Internal emails indicate that those who got laid off are now stuck in a limbo of “non-active” work, wherein they remain nominally employed — and keep getting paid — for a few months, but don’t actually work for the company. There’s been confusion among these employees as to whether the pay they’re currently getting is their severance or a normal wage. (It’s not uncommon for companies to offer two months’ worth of severance pay in order to get through the mandatory 60-day waiting period required amid large-scale layoffs under the federal WARN Act.)
“Twitter employees like [Lee] were told in writing by HR or legal that after the acquisition they would get the same severance benefits that Twitter employees got before the acquisition,” Bloom said. “That is an enforceable promise” — and, she added, one that Musk has since broken.
“They’re being paid until January 4, [but] there’s a complete lack of clarity as to whether if they get another job during this time period they will continue to get that pay,” explained Bloom, who has set her sights on tech malfeasance in the past. “The severance that was promised previously also entitles them to their prorated bonuses and to their stock vesting up to three months after their last day. … That’s what they’re being deprived of.”
Outgoing employees say the company has been inordinately slow to provide information about how the payout process will work, and confusion reigns about the ultimate package the company will give people. Employees on work visas or those who were on parental leave when they got laid off have even more questions.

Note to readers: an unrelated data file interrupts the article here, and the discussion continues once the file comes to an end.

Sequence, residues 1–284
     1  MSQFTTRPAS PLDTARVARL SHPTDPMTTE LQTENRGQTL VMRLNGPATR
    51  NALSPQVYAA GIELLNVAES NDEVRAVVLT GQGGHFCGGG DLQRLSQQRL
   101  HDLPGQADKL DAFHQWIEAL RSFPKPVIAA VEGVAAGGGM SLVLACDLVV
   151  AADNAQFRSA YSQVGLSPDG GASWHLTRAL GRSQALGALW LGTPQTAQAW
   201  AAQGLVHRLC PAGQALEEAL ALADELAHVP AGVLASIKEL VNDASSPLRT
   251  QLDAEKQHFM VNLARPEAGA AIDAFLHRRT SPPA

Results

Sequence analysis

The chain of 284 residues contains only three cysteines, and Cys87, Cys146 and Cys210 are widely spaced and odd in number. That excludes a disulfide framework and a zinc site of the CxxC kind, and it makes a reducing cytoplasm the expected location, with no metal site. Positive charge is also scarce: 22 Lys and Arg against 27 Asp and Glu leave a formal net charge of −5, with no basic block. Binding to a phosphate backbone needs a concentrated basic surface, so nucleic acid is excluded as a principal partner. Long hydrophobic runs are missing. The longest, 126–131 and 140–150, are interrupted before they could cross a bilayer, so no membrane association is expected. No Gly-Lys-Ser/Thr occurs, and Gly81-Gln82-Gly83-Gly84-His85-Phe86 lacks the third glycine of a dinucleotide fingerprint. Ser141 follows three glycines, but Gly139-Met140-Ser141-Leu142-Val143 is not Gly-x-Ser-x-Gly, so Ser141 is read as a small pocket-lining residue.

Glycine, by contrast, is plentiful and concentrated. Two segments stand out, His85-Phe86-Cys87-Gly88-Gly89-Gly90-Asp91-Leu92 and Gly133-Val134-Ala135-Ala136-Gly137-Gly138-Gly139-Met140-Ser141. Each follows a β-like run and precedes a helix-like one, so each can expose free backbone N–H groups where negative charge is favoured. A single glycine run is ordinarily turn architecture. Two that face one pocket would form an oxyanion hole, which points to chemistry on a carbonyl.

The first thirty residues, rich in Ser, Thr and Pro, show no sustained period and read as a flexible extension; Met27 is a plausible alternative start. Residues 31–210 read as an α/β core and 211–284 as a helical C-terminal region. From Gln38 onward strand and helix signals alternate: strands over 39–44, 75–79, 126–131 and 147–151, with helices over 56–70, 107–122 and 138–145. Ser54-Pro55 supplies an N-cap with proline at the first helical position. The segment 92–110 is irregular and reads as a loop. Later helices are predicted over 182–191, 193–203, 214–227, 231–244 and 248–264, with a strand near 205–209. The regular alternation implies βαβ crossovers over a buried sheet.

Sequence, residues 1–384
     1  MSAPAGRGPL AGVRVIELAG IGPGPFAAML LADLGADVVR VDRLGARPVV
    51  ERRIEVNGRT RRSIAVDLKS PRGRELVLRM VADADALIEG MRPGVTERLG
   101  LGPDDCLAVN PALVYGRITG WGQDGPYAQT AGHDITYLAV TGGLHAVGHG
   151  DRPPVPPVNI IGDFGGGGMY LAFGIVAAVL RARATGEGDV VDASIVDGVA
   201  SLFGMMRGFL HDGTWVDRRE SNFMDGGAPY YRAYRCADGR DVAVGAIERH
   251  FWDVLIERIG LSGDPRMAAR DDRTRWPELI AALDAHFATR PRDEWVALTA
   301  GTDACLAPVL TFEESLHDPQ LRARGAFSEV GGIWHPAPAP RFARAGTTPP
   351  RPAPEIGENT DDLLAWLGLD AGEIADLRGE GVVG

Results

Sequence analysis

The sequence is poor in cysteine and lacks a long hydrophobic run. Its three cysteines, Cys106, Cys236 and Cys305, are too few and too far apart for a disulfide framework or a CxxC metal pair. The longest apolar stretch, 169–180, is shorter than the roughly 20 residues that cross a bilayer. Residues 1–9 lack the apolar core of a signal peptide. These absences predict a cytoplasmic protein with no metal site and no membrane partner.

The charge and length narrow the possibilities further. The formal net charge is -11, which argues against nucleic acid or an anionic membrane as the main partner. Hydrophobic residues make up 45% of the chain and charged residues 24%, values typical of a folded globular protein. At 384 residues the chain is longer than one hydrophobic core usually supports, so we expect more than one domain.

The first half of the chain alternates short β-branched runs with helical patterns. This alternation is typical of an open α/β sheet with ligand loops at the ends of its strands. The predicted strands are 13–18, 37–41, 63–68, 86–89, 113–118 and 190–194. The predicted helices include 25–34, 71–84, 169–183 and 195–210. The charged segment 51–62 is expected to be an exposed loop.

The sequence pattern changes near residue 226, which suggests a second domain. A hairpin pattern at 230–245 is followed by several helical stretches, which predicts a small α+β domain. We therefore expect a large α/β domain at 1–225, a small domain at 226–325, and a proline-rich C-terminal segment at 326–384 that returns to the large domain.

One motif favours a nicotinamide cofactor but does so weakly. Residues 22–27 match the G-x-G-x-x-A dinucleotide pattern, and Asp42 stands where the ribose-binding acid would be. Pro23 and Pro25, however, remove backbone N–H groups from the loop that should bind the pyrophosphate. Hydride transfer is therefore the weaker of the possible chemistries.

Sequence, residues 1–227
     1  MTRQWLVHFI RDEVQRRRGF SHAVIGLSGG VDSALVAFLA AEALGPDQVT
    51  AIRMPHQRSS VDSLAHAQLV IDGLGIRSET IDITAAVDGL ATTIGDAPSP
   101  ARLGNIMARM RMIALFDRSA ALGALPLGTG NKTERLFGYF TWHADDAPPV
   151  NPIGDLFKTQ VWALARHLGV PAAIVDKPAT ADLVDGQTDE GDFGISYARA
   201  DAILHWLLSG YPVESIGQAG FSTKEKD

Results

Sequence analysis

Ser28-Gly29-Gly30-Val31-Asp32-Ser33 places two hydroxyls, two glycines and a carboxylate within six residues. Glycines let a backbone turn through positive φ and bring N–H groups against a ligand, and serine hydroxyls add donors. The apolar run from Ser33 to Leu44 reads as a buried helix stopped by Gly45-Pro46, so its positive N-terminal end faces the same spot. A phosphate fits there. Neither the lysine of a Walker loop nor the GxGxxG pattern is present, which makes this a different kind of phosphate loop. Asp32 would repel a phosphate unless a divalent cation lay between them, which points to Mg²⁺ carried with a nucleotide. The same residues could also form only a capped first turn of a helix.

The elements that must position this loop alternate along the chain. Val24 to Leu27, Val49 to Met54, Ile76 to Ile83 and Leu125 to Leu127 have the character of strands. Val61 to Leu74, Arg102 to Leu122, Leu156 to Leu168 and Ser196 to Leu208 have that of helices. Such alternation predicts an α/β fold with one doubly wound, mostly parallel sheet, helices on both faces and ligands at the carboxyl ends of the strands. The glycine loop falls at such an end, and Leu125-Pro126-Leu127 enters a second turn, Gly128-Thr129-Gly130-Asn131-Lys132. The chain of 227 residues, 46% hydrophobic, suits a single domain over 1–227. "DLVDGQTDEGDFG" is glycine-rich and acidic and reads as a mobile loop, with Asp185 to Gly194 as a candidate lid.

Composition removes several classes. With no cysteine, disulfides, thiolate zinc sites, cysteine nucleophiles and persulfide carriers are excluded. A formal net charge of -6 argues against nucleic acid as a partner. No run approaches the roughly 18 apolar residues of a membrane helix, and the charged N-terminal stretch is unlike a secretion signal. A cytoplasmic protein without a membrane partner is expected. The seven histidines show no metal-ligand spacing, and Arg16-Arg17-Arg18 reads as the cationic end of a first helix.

Two more laid-off employees, Amir Shevat and Adrian Trejo Nuñez, also spoke at Bloom’s conference; both are pursuing their own arbitration claims against Musk. (Most Twitter employees waived their right to pursue a class-action suit when they were on-boarded by the company, Bloom said, thus requiring the pursuit of individual arbitration claims.)
“The way Elon Musk executed the layoffs was really inhumane,” said Shevat, who was the head of product for Twitter’s developer platform.
Nuñez, who was a senior software engineer, added: “I came forward to help myself and my former tweeps” — or Twitter employees — “receive our severance that was outlined in the agreement, which has since changed.”
Bloom said she has other clients too, and is actively soliciting more laid-off Twitter employees to join her.
“My law firm represents a large group of Twitter workers and contractors, and we will continue to file these cases, one by one, bombarding Twitter with claims,” she said. “We are hitting Twitter and Elon with every applicable claim, from promissory estoppel, to breach of contract, to breach of their implied agreement, to violation of the WARN Act, to civil rights violations.”
Bloom isn’t the only one moving against Musk.